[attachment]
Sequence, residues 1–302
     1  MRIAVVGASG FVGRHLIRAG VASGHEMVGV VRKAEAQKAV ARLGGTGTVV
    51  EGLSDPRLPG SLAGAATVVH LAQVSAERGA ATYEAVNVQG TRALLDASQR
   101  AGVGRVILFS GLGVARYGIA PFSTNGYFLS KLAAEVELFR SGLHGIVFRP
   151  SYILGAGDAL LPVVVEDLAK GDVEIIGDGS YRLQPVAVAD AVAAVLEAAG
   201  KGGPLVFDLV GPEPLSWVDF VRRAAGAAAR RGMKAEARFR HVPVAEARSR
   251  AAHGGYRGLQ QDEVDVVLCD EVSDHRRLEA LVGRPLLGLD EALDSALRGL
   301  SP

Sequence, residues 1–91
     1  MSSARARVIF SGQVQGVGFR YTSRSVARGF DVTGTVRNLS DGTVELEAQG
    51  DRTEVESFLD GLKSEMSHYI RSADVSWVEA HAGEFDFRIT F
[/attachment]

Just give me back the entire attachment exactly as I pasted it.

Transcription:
Sequence, residues 1–302
     1  MRIAVVGASG FVGRHLIRAG VASGHEMVGV VRKAEAQKAV ARLGGTGTVV
    51  EGLSDPRLPG SLAGAATVVH LAQVSAERGA ATYEAVNVQG TRALLDASQR
   101  AGVGRVILFS GLGVARYGIA PFSTNGYFLS KLAAEVELFR SGLHGIVFRP
   151  SYILGAGDAL LPVVVEDLAK GDVEIIGDGS YRLQPVAVAD AVAAVLEAAG
   201  KGGPLVFDLV GPEPLSWVDF VRRAAGAAAR RGMKAEARFR HVPVAEARSR
   251  AAHGGYRGLQ QDEVDVVLCD EVSDHRRLEA LVGRPLLGLD EALDSALRGL
   301  SP

Sequence, residues 1–91
     1  MSSARARVIF SGQVQGVGFR YTSRSVARGF DVTGTVRNLS DGTVELEAQG
    51  DRTEVESFLD GLKSEMSHYI RSADVSWVEA HAGEFDFRIT F